What happened

Shares of New Senior Investment Group (NYSE:SNR) rose dramatically as trading got under way on June 28. Within the first few minutes of trading the real estate investment trust's (REIT) shares were higher by just under 28%. The big news was a deal with industry giant Ventas (NYSE:VTR).

So what

To sum it up quickly, Ventas is buying New Senior as it looks to double down on what it expects to be a rebound in demand for senior housing following the pandemic-driven industry downturn in 2020. It is an all-stock deal in which New Senior shareholders will receive 0.1561 shares of Ventas stock for each share of New Senior they own. The value is roughly $9.10 per share, a 30% premium to New Senior's average share price over the previous 30 days. Ventas believes the deal will be $0.09 to $0.11 accretive to normalized funds from operations (FFO) per share.

A person in medical scrubs helping another person using a walker.

Image source: Getty Images.

The big story here, however, is that the percentage of Ventas' portfolio dedicated to senior housing will increase from 44% of net operating income (NOI) to 48%. Meanwhile, assets that Ventas both owns and operates, known as SHOP assets in the industry, will increase from 26% of NOI to 31%. The performance of SHOP assets flows directly through to Ventas' earnings statement, unlike net lease properties where rental income is the main source of return. Essentially, this is a leveraged bet that the worst is over and that long-term demand from an aging baby boomer population will turn this acquisition into a winner.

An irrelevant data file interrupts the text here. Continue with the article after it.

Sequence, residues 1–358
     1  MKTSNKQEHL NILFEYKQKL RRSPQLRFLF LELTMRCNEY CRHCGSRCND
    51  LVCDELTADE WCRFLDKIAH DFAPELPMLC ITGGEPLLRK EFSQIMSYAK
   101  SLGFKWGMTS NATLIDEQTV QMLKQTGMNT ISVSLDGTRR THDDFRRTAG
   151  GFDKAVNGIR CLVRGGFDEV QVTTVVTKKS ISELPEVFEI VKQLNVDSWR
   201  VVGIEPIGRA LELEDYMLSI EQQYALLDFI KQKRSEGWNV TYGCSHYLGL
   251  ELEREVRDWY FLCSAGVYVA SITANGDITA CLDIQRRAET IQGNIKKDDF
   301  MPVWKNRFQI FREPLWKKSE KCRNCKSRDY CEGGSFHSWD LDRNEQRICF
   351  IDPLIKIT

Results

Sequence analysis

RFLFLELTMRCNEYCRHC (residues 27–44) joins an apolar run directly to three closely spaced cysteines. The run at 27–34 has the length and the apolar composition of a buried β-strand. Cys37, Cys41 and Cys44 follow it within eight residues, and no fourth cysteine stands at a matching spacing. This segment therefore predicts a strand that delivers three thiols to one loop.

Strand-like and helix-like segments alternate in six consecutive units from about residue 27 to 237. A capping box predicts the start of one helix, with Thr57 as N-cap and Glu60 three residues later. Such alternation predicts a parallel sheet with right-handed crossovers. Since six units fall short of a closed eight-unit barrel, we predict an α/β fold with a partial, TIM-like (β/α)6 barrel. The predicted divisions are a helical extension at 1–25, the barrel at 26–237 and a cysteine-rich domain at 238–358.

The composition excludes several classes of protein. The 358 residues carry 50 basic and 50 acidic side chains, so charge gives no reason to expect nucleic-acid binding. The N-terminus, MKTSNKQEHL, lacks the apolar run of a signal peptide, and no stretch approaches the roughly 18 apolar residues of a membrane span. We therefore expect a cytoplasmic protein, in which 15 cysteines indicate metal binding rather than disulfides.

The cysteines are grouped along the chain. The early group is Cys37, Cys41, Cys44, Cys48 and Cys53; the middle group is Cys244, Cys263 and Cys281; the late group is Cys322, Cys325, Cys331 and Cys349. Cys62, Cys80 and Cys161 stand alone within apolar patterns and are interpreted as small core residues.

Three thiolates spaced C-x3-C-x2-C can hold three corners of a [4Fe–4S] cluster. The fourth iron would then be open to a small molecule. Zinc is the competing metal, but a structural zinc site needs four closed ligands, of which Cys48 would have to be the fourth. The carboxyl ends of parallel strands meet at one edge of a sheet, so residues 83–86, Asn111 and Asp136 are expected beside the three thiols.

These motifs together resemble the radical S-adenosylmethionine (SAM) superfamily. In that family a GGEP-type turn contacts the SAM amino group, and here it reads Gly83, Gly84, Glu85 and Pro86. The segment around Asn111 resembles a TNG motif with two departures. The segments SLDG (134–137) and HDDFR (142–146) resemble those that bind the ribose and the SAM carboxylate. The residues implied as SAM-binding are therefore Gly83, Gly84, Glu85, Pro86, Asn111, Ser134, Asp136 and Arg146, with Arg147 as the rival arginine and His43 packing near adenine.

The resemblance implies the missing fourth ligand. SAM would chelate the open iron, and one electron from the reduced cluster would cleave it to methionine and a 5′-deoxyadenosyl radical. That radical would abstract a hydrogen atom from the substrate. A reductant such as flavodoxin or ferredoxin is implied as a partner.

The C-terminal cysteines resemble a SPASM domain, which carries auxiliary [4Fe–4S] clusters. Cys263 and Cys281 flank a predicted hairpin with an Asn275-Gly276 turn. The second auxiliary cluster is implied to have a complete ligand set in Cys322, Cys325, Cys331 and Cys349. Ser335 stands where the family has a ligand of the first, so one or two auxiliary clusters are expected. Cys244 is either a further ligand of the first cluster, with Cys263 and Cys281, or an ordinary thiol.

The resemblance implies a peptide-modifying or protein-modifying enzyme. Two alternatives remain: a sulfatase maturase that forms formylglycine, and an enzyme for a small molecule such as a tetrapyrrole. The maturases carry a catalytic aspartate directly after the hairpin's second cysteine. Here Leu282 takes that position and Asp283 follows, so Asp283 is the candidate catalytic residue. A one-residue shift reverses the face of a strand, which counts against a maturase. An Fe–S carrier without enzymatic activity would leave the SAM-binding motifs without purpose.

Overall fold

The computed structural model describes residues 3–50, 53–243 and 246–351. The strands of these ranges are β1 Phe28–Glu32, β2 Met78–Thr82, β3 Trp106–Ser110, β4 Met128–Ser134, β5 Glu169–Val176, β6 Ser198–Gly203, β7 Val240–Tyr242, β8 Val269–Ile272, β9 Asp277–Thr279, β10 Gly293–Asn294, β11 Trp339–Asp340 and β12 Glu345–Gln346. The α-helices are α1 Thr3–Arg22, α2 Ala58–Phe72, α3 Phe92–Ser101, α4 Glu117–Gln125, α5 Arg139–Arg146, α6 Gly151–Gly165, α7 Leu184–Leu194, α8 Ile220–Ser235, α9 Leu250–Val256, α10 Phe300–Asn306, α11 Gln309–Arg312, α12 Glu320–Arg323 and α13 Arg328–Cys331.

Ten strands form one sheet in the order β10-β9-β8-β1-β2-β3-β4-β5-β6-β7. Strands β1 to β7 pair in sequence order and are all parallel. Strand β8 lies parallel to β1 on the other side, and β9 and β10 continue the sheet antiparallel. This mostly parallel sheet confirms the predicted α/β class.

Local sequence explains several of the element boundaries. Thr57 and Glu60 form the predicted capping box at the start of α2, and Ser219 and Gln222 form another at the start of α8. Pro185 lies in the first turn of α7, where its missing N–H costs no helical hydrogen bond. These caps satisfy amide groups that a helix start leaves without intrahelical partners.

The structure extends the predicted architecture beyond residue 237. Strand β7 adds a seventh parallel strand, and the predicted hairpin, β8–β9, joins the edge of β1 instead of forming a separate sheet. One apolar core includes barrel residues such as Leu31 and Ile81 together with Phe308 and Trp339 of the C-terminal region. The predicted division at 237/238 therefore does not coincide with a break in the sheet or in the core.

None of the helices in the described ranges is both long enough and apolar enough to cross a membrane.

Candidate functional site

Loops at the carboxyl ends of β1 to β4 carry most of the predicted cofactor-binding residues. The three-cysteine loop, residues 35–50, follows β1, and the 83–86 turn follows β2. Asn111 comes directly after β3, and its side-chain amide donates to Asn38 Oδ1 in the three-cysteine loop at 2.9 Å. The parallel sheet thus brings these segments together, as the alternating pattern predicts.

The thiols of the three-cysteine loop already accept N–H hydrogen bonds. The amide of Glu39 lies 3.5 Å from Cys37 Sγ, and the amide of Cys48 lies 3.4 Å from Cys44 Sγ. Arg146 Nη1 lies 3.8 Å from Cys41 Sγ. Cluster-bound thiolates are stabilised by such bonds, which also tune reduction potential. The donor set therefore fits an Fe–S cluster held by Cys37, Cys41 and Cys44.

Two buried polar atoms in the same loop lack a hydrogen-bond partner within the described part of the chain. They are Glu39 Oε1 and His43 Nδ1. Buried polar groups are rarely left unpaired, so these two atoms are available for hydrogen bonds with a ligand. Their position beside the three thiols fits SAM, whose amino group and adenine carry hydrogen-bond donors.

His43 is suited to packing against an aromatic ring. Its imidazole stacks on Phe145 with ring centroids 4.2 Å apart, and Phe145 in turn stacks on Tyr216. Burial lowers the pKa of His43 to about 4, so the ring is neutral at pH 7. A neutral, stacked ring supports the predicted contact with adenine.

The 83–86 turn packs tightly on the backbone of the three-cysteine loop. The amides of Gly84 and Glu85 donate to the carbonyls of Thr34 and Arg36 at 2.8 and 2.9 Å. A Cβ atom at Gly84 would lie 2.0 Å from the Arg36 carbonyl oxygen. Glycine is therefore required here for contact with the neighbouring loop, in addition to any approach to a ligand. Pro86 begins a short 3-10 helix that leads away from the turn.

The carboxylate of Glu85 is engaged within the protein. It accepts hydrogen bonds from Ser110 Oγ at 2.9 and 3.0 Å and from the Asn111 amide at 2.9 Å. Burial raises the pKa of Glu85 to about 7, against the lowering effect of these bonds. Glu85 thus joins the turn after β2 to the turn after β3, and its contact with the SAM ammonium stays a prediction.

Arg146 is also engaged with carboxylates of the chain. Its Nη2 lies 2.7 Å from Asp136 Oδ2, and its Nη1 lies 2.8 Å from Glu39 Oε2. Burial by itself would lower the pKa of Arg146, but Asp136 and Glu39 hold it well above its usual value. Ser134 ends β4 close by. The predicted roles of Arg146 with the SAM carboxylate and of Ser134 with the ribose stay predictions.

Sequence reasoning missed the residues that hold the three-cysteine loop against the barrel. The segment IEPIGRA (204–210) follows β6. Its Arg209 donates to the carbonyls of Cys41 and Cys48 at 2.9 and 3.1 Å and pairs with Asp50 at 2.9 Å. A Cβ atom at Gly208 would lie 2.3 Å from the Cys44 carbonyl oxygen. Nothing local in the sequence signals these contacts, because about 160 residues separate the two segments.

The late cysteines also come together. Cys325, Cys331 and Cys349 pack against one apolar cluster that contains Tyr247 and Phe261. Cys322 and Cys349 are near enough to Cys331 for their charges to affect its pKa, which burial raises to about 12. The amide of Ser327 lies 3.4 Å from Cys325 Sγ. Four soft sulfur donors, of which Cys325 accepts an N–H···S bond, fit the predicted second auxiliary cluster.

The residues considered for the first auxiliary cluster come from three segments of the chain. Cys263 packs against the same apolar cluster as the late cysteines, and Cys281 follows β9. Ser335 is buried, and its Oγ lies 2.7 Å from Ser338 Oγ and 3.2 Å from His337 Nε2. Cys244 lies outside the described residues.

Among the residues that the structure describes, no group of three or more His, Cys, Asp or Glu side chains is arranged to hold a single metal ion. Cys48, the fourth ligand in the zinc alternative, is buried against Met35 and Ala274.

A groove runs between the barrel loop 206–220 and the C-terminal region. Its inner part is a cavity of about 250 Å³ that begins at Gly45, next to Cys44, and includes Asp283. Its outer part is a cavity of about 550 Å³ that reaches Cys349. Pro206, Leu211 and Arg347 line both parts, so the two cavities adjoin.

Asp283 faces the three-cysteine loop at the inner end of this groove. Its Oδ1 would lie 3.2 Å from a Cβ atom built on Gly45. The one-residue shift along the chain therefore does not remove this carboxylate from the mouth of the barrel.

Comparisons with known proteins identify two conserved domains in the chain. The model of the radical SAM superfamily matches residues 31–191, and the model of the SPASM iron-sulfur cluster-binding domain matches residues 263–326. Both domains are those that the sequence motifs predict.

Now what

Investors who own New Senior but don't want to own Ventas should probably consider selling New Senior's shares to lock in gains, given the all-stock nature of the deal. Others need to step back and think carefully about the purpose of this acquisition at a time when some once diversified REITs, most notably Healthpeak, are getting out of the senior housing space. That's not meant to suggest that Ventas is making a mistake, only that it is increasing its reliance on a sector that was highly troubled in 2020 and is, in fact, still working on the rebound effort. This could be an opportunistic buy that enhances returns or a lead weight if the coronavirus pandemic continues to linger and hinder the senior housing industry's recovery.

This article represents the opinion of the writer, who may disagree with the “official” recommendation position of a Motley Fool premium advisory service. We’re motley! Questioning an investing thesis -- even one of our own -- helps us all think critically about investing and make decisions that help us become smarter, happier, and richer.